The Semi-Lagrangian scheme (SLS) is a numerical method that is widely used in numerical weather prediction models for the integration of the equations governing atmospheric motion. A Lagrangian description of a system (such as the atmosphere) focuses on following individual air parcels along their trajectories as opposed to the Eulerian description, which considers the range of change of system variables fixed at a particular point in space. A semi-Lagrangian scheme uses Eulerian framework but the discrete equations come from the Lagrangian perspective.
The Lagrangian rate of change of a quantity is given by
where can be a scalar or vector field and is the velocity field. The first term on the right-hand side of the above equation is the local or Eulerian rate of change of and the second term is often called the advection term. Note that the Lagrangian rate of change is also known as the material derivative.
It can be shown that the equations governing atmospheric motion can be written in the Lagrangian form
where the components of the vector are the (dependent) variables describing a parcel of air (such as velocity, pressure, temperature etc.) and the function represents source and/or sink terms.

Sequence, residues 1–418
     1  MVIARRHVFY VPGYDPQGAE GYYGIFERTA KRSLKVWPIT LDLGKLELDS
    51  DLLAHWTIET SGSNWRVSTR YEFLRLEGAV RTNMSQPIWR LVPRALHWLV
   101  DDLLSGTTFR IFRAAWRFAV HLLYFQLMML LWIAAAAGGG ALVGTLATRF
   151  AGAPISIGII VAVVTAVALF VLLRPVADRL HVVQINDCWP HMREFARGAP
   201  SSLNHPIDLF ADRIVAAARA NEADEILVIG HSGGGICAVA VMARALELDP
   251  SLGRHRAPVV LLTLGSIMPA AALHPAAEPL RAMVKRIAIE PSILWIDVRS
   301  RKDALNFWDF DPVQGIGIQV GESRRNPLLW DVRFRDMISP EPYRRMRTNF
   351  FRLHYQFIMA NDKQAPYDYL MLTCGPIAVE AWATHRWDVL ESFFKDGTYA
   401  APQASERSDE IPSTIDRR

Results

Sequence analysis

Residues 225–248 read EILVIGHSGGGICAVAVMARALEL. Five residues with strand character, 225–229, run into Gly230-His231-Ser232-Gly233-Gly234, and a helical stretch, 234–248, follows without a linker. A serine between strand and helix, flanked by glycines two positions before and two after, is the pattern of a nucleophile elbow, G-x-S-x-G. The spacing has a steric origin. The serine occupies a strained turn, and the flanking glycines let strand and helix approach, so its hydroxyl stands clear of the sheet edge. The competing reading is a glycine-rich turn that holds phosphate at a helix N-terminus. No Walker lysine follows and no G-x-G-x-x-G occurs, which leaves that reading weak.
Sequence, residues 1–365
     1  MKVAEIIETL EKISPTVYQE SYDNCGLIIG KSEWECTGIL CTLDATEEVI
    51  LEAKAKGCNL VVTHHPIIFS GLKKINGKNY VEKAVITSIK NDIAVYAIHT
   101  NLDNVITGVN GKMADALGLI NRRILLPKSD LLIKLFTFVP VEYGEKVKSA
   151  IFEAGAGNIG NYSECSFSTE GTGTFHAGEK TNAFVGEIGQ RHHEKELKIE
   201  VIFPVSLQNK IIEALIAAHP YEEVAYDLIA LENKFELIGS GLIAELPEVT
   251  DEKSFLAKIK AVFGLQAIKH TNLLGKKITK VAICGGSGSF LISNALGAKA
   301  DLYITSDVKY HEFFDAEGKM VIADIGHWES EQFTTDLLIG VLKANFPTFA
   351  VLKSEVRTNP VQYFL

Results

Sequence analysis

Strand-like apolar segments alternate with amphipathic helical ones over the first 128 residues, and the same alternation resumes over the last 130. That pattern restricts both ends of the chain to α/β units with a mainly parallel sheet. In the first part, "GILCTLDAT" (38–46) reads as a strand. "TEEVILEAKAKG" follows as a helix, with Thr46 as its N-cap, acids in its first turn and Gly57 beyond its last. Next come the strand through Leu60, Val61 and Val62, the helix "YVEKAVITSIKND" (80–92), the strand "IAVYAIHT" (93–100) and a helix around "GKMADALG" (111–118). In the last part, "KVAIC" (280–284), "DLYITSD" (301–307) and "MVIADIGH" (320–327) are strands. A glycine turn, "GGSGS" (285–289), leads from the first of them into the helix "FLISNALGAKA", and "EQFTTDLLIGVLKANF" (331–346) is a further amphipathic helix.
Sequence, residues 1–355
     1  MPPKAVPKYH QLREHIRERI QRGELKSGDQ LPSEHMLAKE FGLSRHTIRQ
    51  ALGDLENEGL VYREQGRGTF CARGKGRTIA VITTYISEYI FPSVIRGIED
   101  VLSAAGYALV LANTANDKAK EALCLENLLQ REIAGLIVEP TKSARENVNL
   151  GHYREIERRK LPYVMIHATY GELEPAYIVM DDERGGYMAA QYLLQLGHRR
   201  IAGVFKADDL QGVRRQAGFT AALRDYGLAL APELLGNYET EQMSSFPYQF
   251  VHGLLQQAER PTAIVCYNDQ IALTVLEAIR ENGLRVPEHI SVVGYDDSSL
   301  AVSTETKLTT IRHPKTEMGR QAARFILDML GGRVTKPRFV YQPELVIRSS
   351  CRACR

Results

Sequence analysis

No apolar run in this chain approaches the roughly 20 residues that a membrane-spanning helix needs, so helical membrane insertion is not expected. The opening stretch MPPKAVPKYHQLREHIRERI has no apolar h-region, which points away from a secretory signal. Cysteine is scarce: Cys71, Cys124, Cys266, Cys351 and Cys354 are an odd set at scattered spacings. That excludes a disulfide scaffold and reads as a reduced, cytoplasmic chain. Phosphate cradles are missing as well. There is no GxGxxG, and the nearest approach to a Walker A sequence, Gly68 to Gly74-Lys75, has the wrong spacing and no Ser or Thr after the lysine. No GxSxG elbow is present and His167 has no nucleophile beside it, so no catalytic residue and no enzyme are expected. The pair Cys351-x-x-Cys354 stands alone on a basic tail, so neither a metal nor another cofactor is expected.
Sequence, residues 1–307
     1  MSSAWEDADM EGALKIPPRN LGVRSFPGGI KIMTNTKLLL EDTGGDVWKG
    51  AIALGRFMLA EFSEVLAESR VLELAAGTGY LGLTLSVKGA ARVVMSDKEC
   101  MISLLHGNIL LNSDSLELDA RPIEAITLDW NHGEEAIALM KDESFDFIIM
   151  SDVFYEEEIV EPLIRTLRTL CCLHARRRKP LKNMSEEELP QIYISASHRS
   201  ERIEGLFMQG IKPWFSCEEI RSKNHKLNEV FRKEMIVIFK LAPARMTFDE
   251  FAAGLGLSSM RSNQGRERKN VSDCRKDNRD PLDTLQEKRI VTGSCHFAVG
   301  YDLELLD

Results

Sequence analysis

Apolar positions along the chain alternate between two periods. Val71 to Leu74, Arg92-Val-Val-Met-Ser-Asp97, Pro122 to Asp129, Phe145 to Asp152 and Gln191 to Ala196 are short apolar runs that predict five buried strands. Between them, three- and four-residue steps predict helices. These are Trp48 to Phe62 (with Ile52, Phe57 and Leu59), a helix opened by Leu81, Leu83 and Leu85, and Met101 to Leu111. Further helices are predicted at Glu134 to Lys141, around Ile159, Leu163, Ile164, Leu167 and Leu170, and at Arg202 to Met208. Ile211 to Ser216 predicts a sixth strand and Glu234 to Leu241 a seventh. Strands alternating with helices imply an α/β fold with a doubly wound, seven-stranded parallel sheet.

In a Lagrangian scheme, individual air parcels are traced but there are clearly certain drawbacks: the number of parcels can be very large indeed and it may often happen for a large number of parcels to cluster together, leaving relatively large regions of space completely empty. Such voids can cause computational problems, e.g. when calculating spatial derivatives of various quantities. There are ways round this, such as the technique known as Smoothed Particle Hydrodynamics, where a dependent variable is expressed in non-local form, i.e. as an integral of itself times a kernel function.
Semi-Lagrangian schemes avoid the problem of having regions of space essentially free of parcels.
The Semi-Lagrangian scheme
Semi-Lagrangian schemes use a regular (Eulerian) grid, just like finite difference methods. The idea is this: at every time step the point where a parcel originated from is calculated. An interpolation scheme is then utilized to estimate the value of the dependent variable at the grid points surrounding the point where the particle originated from. The references listed contain more details on how the Semi-Lagrangian scheme is applied.
- Lagrangian and Eulerian specification of the flow field
- Contour advection
- Trajectory (fluid mechanics)
- ctraj: C++ trajectory library, including semi-Lagrangian tracer codes.
- E. Kalnay, Atmospheric Modeling, Data Assimilation and Predictability (Chapter 3, Section 3.3.3), Cambridge University Press, Cambridge, 2003.
- A. Persson, User Guide to ECMWF forecast products (Section 2.1.3), http://www.ecmwf.int/sites/default/files/User_Guide_V1.2_20151123.pdf
- D.A. Randall, Atmospheric Modeling (AT604, Chapter 5, Section 5.11), http://kiwi.atmos.colostate.edu/group/dave/at604.html